Biden appears to rule out NATO membership for Ukraine, at least until after war ends

 July 11, 2023

President Joe Biden seemingly ended discussion on the prospects of Ukraine being granted near-immediate membership in the NATO military alliance, Fox News reported.

The embattled Eastern European nation, still fending off a Russian invasion, has been heavily lobbying for membership in the alliance since before the invasion began last year but has increased the intensity of its demands for inclusion in recent months.

Yet, even as Biden appeared to rule out NATO membership for Ukraine in the immediate future, effectively stalling the conversation until at least after hostilities have ended, he also made it quite clear that he will continue to use U.S. taxpayer money and resources to help support Ukraine's defense against Russia.

Biden says 'No' to Ukraine NATO membership -- at least for now

In a recent interview with CNN's Fareed Zakaria, President Biden suggested that Ukraine's war with Russia would need to end as well as that Ukraine would need to address some internal issues before there could be any serious consideration of its bid to become a member nation of NATO.

"I don’t think there is unanimity in NATO about whether or not to bring Ukraine into the NATO family now, at this moment, in the middle of a war," Biden said.

"For example, if you did that, then, you know -- and I mean what I say -- we’re determined to commit every inch of territory that is NATO territory," he continued. "It’s a commitment that we’ve all made no matter what. If the war is going on, then we’re all in war. We’re at war with Russia, if that were the case."

"I think we have to lay out a rational path for Ukraine to be able to qualify to be able to get into NATO," the president added. "But I think it’s premature to say, to call for a vote, you know, in now, because there’s other qualifications that need to be met, including democratization and some of those issues."

Biden told Zakaria that he has previously spoken with Ukraine President Volodymyr Zelensky about the issue and has vowed to continue supporting Ukrainian defense efforts against Russia with funding and weaponry -- courtesy of U.S. taxpayers.

Serious questions linger about pros and cons of Ukraine NATO membership

Both Fox News and CNN reported that President Biden will soon head to Vilnius, Lithuania for a major NATO summit, and according to a report from Politico, Ukraine's request for membership -- or at least a clearly defined path to rapid inclusion -- will be a hotly debated topic of discussion.

Ukraine has all but demanded that it be immediately accepted as a member of NATO, at least once the ongoing hostilities have ended, and has argued that a guarantee of imminent future membership would aid the war effort by convincing Russia that it had no chance of fully bringing Ukraine back within its sphere of influence and control.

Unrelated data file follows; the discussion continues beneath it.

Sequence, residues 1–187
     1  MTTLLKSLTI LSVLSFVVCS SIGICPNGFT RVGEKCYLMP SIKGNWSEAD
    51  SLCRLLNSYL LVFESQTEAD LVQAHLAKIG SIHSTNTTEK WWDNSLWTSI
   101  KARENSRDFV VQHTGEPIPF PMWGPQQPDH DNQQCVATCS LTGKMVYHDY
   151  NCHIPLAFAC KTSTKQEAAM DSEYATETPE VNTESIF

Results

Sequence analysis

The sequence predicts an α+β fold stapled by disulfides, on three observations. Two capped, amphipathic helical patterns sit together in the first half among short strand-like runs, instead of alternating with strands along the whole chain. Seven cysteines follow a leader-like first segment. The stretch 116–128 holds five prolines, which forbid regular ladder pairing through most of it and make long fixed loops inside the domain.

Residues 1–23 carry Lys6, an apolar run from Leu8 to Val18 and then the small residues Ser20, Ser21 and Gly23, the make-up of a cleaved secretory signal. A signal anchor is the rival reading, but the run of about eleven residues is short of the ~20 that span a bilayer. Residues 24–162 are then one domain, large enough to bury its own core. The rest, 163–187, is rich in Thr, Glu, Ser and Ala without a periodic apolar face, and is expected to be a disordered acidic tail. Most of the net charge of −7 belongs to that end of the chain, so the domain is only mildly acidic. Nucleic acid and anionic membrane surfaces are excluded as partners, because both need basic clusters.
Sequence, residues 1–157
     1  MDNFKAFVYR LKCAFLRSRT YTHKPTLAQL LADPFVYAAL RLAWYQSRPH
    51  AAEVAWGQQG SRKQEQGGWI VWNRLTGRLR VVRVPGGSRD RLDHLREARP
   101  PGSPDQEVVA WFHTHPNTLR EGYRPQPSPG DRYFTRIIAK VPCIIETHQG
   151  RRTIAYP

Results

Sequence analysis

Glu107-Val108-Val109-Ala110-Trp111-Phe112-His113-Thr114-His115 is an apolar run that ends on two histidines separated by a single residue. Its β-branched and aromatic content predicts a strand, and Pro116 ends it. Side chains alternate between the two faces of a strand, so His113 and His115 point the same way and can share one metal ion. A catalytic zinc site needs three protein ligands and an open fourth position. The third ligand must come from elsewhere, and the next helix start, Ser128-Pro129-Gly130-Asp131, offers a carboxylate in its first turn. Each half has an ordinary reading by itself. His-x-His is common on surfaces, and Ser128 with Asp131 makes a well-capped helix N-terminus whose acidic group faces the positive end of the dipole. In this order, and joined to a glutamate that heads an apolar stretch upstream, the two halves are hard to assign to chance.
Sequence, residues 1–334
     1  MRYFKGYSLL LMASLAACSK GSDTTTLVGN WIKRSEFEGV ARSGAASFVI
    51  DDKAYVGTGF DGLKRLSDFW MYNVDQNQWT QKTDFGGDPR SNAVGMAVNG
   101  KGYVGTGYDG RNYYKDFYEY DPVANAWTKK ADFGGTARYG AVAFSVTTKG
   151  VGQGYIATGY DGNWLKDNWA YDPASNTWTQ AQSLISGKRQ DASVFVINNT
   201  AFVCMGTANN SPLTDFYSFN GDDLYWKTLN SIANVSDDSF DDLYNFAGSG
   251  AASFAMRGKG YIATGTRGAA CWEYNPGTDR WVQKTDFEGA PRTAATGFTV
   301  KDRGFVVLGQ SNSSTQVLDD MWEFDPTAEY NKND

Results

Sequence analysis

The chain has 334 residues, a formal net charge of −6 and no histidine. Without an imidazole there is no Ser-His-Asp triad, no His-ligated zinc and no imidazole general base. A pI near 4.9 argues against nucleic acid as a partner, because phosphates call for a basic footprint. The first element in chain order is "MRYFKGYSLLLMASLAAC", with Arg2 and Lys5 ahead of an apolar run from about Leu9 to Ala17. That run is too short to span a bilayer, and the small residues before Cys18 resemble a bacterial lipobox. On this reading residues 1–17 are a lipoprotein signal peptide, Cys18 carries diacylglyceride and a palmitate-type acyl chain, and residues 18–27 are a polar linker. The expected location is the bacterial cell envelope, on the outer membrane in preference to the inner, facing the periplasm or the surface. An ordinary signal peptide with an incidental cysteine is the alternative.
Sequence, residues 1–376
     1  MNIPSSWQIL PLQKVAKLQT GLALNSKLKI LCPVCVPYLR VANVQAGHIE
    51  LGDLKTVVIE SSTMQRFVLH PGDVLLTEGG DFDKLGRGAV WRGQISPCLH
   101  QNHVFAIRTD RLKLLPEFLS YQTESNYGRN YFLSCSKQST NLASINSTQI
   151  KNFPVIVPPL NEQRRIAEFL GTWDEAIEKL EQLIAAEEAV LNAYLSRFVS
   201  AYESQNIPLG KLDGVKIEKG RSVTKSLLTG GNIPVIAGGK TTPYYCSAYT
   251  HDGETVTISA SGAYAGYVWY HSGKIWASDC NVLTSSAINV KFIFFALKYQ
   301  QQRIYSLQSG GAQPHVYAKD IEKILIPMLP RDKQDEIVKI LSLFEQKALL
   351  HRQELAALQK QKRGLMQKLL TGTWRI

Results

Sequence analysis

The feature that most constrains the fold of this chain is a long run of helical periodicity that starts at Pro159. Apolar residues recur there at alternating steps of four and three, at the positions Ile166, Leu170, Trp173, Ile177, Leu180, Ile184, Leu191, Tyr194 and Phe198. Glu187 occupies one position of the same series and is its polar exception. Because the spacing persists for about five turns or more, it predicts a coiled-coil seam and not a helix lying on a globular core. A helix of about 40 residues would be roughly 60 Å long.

Yet, while some member nations appear to be at least tentatively on board with such a move, others disagree and worry that doing so could actually backfire and prolong the conflict between Russia and Ukraine, if not even provoke Russia into further escalating the fighting or expanding it beyond Ukraine's borders against that nation's prospective NATO allies.

The question remains, furthermore, of what actually would constitute an "end" to the current conflict, not to mention the longstanding concerns about rampant governmental corruption in Ukraine, to say nothing of recent undemocratic moves by Zelensky to silence criticism and political opponents, that would otherwise be viewed as completely unacceptable for a NATO member nation.

Biden continues to ramp up support for Ukraine

Setting aside the issue of NATO membership for Ukraine, President Biden made it clear that he will continue to support Ukraine's fight against Russia, and Fox News noted that such support thus far has included roughly $100 billion dollars, the provision of tens of thousands of artillery shells from U.S. stockpiles, missile defense systems, armored vehicles and tanks, and potentially even highly advanced F-16 fighter jets, among other things.

Those other things, quite controversially, now also include the provision of cluster munitions, per CNN, which are banned by more than 100 nations around the globe, including several major NATO allies, as being too dangerous to civilian populations due to the widespread and indiscriminate nature of the weapon -- it blankets a broad area with dozens or hundreds of smaller bomblets -- and the grave risks posed, particularly to children, of unexploded ordinance that are found months or even years after fighting has ceased.

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